• Spent a spectacular 420 weekend at Rob & Sandy's place in the Catskills. We tromped around in the mud and moss, ate a truly impressive amount of Sandy's homemade bread (and waffles and pie), witnessed their puppy's very first swim, read a procedurally-generated haggadah, watched Homecoming, and had a lot of very good laughs.
  • A big breakthrough realization when I returned to the city: my best ideas come from play (which, for me, usually takes the form of social conversations and joking around), not heads down "work". This means that putting pressure on myself to make progress categorically doesn't help when I'm feeling directionless. This freed me up to spend a lot of time in my garden, getting to know everything before spring kicks everything into high gear. I also went to the park, and the library to strengthen my exploration muscles, and came home with an armful of books.
  • Blogging about my weird explorations is coming more naturally.
  • I cooked most of my meals this week, and returned to the gym after a long absence! Highlight meals include: shakshuka, galbijjim, a restorative chicken pho, and sweet potato latke waffles.


  • As much as I'm trying to avoid letting it get to me, the feeling of stuckness and disorientation about what's next still looms large. Or as my friend Charlie put it: "Thanks to capitalism, what seems like it should be a really affirming act of self-invention is a horrible crawl up a skyscraper with no net. But there's health insurance and credibility at the top?"
  • This has been a Bad Health Month for my household and I would like it to let up a bit, please.


  • Digester Egg tour this weekend!!!
  • Assemble a portfolio for a job application
  • Booking flights for my Singapore/Manila/Hawai'i work vacation sandwich trip
  • Time for some blog renovations???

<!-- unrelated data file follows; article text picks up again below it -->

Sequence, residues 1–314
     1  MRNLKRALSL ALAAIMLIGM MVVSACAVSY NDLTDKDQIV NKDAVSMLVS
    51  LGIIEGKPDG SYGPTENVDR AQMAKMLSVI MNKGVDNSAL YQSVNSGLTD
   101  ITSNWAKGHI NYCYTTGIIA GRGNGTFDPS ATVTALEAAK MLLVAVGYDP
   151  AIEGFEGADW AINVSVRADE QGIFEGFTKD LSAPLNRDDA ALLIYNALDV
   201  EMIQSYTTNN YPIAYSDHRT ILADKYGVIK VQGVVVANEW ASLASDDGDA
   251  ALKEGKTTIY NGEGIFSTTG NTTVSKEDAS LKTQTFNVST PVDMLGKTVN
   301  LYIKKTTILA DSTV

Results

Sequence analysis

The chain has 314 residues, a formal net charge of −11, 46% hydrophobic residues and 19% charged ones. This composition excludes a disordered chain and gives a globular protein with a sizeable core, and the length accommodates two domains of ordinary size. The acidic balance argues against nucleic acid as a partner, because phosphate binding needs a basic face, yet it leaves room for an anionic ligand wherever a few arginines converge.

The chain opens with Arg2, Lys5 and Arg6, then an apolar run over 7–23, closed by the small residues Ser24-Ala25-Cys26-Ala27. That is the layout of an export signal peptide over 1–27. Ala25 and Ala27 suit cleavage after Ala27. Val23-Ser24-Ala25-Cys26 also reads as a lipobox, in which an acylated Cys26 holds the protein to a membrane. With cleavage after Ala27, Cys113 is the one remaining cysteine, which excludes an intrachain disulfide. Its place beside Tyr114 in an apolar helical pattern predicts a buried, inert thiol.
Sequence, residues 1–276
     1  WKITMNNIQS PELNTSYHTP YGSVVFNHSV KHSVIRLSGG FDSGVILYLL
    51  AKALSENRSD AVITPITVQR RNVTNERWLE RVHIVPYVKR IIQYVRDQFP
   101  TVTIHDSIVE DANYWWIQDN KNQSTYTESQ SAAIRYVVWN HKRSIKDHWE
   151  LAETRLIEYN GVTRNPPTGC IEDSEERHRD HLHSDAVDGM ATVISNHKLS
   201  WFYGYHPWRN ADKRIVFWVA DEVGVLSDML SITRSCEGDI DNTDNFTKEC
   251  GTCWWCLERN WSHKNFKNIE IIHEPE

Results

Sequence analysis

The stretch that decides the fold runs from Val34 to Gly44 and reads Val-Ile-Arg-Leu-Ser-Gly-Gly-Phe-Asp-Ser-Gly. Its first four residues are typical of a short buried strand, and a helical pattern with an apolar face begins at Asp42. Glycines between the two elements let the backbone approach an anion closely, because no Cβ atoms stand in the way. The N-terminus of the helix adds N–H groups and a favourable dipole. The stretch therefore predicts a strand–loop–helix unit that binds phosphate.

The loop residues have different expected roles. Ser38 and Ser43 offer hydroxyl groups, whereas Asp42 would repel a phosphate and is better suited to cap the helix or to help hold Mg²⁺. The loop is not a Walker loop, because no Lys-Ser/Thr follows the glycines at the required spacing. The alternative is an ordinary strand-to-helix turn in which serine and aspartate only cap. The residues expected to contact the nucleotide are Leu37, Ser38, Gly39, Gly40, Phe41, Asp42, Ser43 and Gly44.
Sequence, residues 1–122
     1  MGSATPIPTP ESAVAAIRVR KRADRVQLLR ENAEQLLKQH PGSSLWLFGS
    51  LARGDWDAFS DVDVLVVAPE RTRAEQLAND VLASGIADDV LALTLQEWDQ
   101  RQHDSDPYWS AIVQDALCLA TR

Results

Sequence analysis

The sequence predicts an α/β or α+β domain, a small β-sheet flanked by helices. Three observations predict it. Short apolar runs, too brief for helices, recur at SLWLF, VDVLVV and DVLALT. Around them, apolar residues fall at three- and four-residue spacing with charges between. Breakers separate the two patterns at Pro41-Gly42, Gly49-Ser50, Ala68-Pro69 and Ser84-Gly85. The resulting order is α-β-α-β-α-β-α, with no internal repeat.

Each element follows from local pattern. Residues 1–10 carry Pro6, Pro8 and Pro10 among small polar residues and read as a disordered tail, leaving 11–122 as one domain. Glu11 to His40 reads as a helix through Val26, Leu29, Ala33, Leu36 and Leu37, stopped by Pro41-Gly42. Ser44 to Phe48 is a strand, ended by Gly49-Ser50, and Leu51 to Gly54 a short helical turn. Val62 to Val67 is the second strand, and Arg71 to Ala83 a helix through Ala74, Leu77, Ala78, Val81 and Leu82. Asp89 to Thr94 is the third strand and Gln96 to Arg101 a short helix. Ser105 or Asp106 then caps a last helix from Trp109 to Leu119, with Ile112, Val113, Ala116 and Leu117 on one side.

• Finding a cherry tomato start and a Chinese eggplant start to transplant


I didn't put up a reading list for March because it got too unwieldy! So I'm going to experiment with doing it weekly, instead.

Wendell Berry and Helena Norberg-Hodge: Caretaking

And as I’ve thought of it in the last several years, it has seemed to me that we’ve had a global economy for about five hundred years—ever since the time of Columbus. And this allowed us to think that if we don’t have some necessity of life here, we can get it from somewhere else. This is the most damaging idea that we’ve ever had. It’s still with us, still current, and it still excuses local plunder and theft and enslavement.

Kiliii Yüyan: In the Land of Hope and Grief and Masks of Grief and Joy for Pacific Standard

A really powerful photoessay and accompanying behind the scenes process post on depression in an Arctic indigenous community.

In planning a story on indigenous suicide in the Arctic, it was my mission to begin by giving something to the community rather than taking something away from it.

Jay Owens, who pointed out both articles and this previous quote, also noted that the photographer "shoots Arctic ice and light completely differently to 99% of non-Native photographers. No roseate glows and azure mysteries of the ice. Much... flatter (?) light. White things are white."

This reminded me of the stand I took when I started writing about China—there is real power and importance to anti-exoticism that visitors will always have a hard time with.

Blair Braverman: The Iditarod, Fear, and Resilience

In Shaktoolik, a village of 257 on the shore of the Bering Sea, I found an envelope that a friend—Chrissy, the cook at Alpine Creek Lodge, where my husband and I trained our dogs last winter—had tucked into my drop bag. “It doesn’t get easier,” she wrote. “You get stronger.”


Nicole Chung: All You Can Ever Know

I think it was actually last week that I chugged this book in one evening. Such a riveting read about adoption,